How so? I never claimed I like companies or governments spying either. It should all stop, if you ask me.
    True, it should ALL stop, but it won't ever. Governments are always interested in what the other is doing, and hence you can never know who exactly is spying you, they have to spy on others, even though formally they deny it all. If the US decided to stop spying, rest assured...well you can imagine what will happen. Eitherways, the point is, you are implicitly quoting these 'rights' acts instituted by the governments who break the rules themselves, they set the standards for ethics, then break it, and then hand it out like confetti for others to propagate their dialectics while in a state of hypocrisy. So how can you even know what is ethical or not, you are merely saying it because the government has said so in their acts, it's been drilled into everyone's head. SPYING IS WRONG, but it really depends on when, where, why, how

    You realize that typically a front approach works better than just trying to deny everything for someone?
    ?
    Last edited by JFonseka; 03-21-2008 at 06:57 AM.
    =========================================
    Everytime you segfault, you murder some part of the world

  3. #33
    C++まいる!Cをこわせ!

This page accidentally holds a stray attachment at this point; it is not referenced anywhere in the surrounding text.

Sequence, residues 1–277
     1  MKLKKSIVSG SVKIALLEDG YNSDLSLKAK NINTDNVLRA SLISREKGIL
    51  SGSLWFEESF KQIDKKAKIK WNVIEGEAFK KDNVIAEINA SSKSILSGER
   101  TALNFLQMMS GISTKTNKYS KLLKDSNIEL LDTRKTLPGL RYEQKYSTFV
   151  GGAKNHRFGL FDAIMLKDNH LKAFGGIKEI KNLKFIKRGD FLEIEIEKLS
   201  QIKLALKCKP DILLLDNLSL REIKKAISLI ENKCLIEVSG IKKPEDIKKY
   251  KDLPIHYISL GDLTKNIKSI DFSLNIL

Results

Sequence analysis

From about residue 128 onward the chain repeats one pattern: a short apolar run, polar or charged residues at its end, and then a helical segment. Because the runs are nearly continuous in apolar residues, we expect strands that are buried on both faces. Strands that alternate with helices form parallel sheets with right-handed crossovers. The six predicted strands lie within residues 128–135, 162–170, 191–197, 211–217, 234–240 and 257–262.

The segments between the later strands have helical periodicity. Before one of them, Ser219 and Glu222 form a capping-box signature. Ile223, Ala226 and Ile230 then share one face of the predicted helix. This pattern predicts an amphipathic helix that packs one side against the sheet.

Join Date
    Oct 2007
    Posts
    23,007
    Quote Originally Posted by JFonseka View Post
    Yea, and who exactly draws this line? Who is to determine what is wrong and what isn't, the legal act? It's always being revised anyways, so these 'ethics' don't seem to go hand in hand, ethics should be unchanged, if it's changing all the time, then how can you reinforce what is wrong and right if it's changing.

    And also who determines what is 'good cause'
    This can be quite a discussion. A discussion that never ends. And I'm not willing to pursue it. Just let it be said that I believe spying on someone like you are is not acceptable.

    ?
    Meaning it would be better to talk to your brothers/parents about the problems and discuss solutions rather than trying to force things down their throat and spy on them.
    Quote Originally Posted by Adak View Post
    io.h certainly IS included in some modern compilers. It is no longer part of the standard for C, but it is nevertheless, included in the very latest Pelles C versions.
    Quote Originally Posted by Salem View Post